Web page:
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Monday, 16 January 2012

MENA stock markets close - January 16, 2012

ExchangeStatus IndexChange
TASI (Saudi Stock Market)
DFM (Dubai Financial Market)
ADX (Abudhabi Securities Exchange)
KSE (Kuwait Stock Exchange)
BSE (Bahrain Stock Exchange)
MSM (Muscat Securities Market)
QE (Qatar Exchange)
LSE (Beirut Stock Exchange)
EGX 30 (Egypt Exchange)
ASE (Amman Stock Exchange)
TUNINDEX (Tunisia Stock Exchange)
CB (Casablanca Stock Exchange)
PSE (Palestine Securities Exchange)

Egypt: $3.2bn may not be enough | beyondbrics | News and views on emerging markets from the Financial Times –

Egypt’s long-awaited talks with the International Monetary Fund started on Monday on a possible $3.2bn loan.

But for investors, that might not be enough, says Raza Agha of RBS, who suggests Egypt might need much more “to raise investor confidence”.

Agha did not say in his report how much Cairo might require. But he said in a subsequent email to beyondbrics that it could require $10bn-$12bn to put the finances back in the condition they were in December 2010 – before the political crisis. That, in turn, would involve tough decision in both Cairo and Washington since it is far more than Egypt would normally be allowed to borrow under the IMF quota system.

Abu Dhabi Shares Drop to Three-Year Low on Dana Gas Debt Concern, Europe - Bloomberg

Abu Dhabi shares retreated to the lowest in almost three years on speculation Dana Gas PJSC (DANA) may struggle to refinance debt and as investors trimmed holdings of riskier assets on concern Europe’s debt crisis may worsen.
Dana Gas, which has a $1 billion Islamic bond maturing in October, tumbled to the lowest on record. Emirates Telecommunications Corp. declined for a third day. The ADX General Index (ADSMI) lost 0.8 percent to 2,324.73, the lowest level since March 2009, at the 2 p.m. close in Abu Dhabi. Dubai’s DFM General Index (DFMGI) fell 1 percent, extending its drop after closing at the lowest since June 2004 yesterday.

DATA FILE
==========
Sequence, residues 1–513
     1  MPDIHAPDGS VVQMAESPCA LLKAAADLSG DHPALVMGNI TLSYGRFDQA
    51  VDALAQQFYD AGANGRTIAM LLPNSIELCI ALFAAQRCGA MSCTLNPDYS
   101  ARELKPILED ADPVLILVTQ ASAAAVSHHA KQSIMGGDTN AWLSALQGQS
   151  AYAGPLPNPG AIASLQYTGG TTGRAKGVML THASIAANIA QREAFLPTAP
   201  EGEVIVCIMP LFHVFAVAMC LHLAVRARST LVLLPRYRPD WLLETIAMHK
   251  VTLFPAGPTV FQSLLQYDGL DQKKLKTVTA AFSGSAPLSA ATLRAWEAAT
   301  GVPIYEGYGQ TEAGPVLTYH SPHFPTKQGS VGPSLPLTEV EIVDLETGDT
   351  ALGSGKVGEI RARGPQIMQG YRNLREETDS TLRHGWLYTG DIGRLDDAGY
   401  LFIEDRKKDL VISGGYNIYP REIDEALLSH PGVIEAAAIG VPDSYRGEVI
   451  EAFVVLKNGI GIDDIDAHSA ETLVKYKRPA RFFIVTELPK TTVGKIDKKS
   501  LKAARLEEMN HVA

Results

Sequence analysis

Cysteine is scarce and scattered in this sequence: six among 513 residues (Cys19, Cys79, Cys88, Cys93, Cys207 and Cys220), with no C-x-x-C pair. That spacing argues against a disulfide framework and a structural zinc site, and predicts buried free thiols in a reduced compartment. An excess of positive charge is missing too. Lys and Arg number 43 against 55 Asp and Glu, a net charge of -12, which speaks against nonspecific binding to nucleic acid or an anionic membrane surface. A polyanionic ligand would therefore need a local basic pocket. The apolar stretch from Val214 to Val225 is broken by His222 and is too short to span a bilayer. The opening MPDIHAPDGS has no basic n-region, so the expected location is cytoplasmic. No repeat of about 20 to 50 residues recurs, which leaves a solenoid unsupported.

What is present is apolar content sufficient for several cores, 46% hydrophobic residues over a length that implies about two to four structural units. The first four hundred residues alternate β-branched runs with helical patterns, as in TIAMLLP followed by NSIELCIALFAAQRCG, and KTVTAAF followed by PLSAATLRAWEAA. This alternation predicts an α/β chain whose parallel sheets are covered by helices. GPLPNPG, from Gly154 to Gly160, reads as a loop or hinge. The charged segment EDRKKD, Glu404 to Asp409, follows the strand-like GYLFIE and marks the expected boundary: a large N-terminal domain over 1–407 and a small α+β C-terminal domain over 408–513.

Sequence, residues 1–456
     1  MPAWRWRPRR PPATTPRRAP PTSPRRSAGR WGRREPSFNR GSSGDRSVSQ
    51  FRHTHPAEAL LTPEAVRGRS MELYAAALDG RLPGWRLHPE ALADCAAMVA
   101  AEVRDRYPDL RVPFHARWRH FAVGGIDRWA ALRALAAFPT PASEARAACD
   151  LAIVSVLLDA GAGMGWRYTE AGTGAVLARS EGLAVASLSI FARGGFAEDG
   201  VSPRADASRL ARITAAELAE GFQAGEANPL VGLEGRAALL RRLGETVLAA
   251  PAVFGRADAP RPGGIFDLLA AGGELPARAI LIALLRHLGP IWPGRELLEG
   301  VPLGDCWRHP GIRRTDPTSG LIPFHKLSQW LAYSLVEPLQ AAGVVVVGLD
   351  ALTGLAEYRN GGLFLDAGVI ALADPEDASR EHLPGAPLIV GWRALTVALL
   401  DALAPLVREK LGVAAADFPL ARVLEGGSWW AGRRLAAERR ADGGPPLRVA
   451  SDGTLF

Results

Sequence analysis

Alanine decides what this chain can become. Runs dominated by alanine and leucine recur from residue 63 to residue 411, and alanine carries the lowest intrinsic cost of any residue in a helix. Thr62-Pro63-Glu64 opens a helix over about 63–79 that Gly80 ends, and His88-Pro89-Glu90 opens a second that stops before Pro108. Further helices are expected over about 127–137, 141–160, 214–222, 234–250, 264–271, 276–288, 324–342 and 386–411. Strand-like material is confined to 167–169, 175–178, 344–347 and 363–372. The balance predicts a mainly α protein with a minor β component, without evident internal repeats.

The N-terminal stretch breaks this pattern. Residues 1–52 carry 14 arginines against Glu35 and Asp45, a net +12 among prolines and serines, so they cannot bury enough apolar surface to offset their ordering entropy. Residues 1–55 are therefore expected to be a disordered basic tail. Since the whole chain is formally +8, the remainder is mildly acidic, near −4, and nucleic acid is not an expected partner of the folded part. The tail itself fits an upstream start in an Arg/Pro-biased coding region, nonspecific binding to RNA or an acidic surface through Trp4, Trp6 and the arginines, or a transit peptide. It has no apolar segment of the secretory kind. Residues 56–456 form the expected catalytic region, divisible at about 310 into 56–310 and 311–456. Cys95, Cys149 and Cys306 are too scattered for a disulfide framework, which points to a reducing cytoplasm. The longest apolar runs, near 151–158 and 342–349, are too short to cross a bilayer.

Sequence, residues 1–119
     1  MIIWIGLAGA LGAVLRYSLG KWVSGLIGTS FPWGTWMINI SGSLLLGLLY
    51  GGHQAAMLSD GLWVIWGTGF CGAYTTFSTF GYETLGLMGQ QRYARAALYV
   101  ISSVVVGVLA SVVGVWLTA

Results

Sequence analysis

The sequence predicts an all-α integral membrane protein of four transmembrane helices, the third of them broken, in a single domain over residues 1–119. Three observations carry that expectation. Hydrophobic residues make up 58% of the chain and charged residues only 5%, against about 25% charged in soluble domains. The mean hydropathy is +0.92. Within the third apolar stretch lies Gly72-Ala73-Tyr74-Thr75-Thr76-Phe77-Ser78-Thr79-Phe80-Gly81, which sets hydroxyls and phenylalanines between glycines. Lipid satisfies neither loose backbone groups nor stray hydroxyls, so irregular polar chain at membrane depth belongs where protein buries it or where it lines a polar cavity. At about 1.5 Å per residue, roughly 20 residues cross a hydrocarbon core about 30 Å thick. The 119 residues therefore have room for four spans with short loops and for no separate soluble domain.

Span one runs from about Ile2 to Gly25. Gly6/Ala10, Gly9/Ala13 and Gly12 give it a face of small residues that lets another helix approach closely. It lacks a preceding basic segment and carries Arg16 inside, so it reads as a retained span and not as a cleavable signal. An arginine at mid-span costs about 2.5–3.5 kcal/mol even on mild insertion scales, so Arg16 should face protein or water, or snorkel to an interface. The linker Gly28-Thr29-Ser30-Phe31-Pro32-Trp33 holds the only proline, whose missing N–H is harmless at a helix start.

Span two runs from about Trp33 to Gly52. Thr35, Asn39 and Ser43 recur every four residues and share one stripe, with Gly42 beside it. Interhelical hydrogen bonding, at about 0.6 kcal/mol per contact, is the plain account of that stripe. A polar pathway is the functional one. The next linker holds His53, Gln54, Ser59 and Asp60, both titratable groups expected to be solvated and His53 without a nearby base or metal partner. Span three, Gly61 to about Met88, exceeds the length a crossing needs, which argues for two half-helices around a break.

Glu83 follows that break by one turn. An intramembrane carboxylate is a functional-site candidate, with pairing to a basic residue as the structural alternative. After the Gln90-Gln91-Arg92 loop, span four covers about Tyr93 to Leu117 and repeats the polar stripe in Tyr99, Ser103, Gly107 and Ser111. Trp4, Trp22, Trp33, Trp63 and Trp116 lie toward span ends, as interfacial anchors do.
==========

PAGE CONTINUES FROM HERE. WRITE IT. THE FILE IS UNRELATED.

The MSCI Emerging Markets Index (MXEF) lost 0.5 percent at 12:38 p.m. in London and before a debt sale by France, which was stripped of its top credit rating by Standard & Poor’s. S&P also cut eight other European nations on concern the region hasn’t done enough to contain its debt crisis.

Pain of European debt crisis spreads to Gulf -

The European debt crisis is hitting home in the oil-rich Gulf as companies struggle more than ever to hammer out large-scale restructuring deals with international banks, prompting concerns over a wall of refinancing required this year.
With the prospect of about $25bn in bonds and sukuk maturing in the region this year, bankers are becoming increasingly concerned that casualties will emerge.

A scarcity in dollar funding as European banks retrench from riskier markets, as well as limited and expensive access to debt capital markets, is combining to create serious refinancing problems, even as oil prices remain well above the budget break-even figures for their governments.

Commercial Bank of Kuwait’s Board Resigns Over Legal Case - Bloomberg

Six board members of the Commercial Bank of Kuwait SAK, the country’s third-largest lender, resigned over a legal dispute with Investment Dar Co., the bank’s acting Chief Executive Officer Elham Mahfouz said.
“The ruling is not final yet,” Mahfouz said in phone interview today from Kuwait City. “We have appealed against the ruling today.” She did not give any details of the court decision.
Commercial Bank said in May 2009 it owned 19.2 percent of Boubyan Bank KSC (BOUBYAN), an Islamic lender controlled by National Bank of Kuwait SAK. Investment Dar (TID) lost a buyback option on the stake, which it sold for 94.1 million dinars ($336.7 million) in December 2008. Commercial Bank subsequently agreed to sell its stake in Boubyan Bank to National Bank of Kuwait for about 121 million dinars.

Call for UAE bourses to reduce trading fees - The National

Brokers are calling on the UAE stock exchanges to reduce market trading fees that are 15 times higher than Saudi Arabia amid depressed market conditions and lower volumes.

"The commission fees have been the top priority on the agenda in meetings with the regulator and the bourses," said Abdel Hadi Al Sadi, the chief operating officer at Al Ramz Securities in Abu Dhabi. "Brokerages have even expressed flexibility in reducing their own fees because at times it can take weeks for clients to just cover the cost of the market commission when there is no liquidity."

The country's two main exchanges, the Abu Dhabi Securities Exchange and the Dubai Financial Market, take a standard fee of 15 basis points per trade, while brokerages are supposed to take a flat commission of 15 basis points too but due to competition for business frequently charge much less.

Unrest deals severe blow to Bahrain’s bourse - Arab News

During the year 2011, Bahrain's economy reeled under socio-political unrest that started at the beginning of the year. Consequently, Bahrain bourse had the worst performance in all GCC markets. Bahrain All-Share index shed 20.15 percent of its value by the end of 2011, according to a report by Global Investment House (Global).